Since Noor Ali set up Rehmat, a tiny grocery store or ‘kirana’ in the old Indian town of Ahmedabad, nearly a decade ago, he has sold more branded goods every year. Strip after strip of sachets containing shampoo, Vaseline, washing powder, hair dye, Vicks balm, face cream — just about everything you’d find in a chemist’s in Europe — dangle around the window through which he serves his customers.
The sums of money involved are tiny. A sachet of Pond’s skin moisturiser sells for just two Indian rupees (Euro 0.03) and Ali gets only a slim margin, but he’s happy with the change.
“A shampoo bottle costs at least sixty Indian rupees (Euro 0.85). A teenage girl cannot buy that, but she can definitely buy a sachet worth one rupee,” he points out. “Small packs allow people to afford international brands, so consumers who were not using cosmetics like Fair and Lovely face cream, or shampoo, are now buying it, which is increasing our profits.”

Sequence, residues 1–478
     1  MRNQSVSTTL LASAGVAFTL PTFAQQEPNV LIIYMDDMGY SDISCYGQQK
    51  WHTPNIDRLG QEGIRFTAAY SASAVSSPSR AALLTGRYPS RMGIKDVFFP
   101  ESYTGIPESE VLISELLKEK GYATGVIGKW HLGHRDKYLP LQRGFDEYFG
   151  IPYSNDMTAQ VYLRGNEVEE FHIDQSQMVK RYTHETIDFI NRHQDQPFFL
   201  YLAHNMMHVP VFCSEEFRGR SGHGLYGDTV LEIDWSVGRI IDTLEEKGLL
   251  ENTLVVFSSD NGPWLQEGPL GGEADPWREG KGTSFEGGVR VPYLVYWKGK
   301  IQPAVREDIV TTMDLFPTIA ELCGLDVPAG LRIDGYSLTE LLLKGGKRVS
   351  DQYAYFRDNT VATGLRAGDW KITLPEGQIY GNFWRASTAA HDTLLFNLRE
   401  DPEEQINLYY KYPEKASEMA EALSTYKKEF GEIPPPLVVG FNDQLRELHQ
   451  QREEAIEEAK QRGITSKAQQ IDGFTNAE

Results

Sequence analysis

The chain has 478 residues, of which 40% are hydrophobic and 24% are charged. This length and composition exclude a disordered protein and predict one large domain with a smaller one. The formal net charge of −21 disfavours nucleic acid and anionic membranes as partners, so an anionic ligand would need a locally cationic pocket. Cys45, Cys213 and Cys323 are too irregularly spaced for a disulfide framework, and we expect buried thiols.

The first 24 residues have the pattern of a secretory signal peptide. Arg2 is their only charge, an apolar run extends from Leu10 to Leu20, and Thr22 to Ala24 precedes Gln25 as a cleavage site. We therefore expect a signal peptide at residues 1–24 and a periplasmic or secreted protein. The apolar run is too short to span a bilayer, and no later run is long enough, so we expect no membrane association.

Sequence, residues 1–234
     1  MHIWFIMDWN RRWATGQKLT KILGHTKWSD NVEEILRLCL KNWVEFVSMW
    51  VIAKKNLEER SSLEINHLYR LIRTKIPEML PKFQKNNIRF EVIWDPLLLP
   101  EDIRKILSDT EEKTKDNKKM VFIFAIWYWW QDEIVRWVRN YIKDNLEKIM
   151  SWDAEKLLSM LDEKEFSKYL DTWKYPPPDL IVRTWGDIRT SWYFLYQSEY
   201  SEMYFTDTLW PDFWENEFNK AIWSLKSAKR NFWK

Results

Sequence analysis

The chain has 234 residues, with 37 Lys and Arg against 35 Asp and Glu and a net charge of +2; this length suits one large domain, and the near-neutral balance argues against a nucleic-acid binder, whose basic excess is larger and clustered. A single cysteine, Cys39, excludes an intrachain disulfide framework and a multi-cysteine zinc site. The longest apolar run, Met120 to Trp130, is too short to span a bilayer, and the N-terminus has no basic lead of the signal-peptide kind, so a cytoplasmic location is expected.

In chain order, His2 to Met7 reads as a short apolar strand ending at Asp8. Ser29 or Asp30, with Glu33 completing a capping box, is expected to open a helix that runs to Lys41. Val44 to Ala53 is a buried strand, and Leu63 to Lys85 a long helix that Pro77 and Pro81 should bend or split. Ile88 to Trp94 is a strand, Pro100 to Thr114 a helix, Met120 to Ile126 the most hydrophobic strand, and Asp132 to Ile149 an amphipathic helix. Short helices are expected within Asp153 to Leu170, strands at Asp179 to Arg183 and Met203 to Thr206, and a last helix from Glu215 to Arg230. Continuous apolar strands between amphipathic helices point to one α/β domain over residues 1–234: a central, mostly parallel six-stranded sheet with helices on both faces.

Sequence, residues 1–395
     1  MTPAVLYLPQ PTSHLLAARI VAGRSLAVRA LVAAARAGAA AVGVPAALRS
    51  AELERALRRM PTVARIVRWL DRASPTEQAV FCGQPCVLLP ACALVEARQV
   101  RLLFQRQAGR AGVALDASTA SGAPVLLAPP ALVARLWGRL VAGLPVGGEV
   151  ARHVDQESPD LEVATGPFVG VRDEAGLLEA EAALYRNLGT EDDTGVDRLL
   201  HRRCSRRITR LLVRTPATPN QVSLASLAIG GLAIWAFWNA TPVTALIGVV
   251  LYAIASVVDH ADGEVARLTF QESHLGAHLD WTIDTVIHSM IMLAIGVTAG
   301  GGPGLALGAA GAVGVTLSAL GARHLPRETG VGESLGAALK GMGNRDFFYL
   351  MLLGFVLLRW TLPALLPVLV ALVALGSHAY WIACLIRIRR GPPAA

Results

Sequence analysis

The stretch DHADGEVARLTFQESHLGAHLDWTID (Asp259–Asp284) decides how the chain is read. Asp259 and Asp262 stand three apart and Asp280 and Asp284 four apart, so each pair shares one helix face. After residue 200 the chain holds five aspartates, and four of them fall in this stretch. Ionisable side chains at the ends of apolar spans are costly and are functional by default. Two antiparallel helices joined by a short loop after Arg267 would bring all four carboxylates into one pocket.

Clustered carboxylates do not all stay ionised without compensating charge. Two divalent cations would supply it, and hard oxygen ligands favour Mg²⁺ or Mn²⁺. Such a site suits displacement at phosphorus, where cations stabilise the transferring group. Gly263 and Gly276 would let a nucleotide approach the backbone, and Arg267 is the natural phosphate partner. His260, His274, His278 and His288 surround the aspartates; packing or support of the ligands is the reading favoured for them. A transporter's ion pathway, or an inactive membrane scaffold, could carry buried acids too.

A large proportion of Ali’s customers earn between Euro 1.80 and Euro 7.20 a day, putting them firmly in the Deeper in the Pyramid (DiP) consumer category that the Boston Consulting Group has identified as the “golden opportunity” for international companies.
Find out more about the DiP business model and how companies are helping meet the needs of low-income consumers in the growth markets of the future.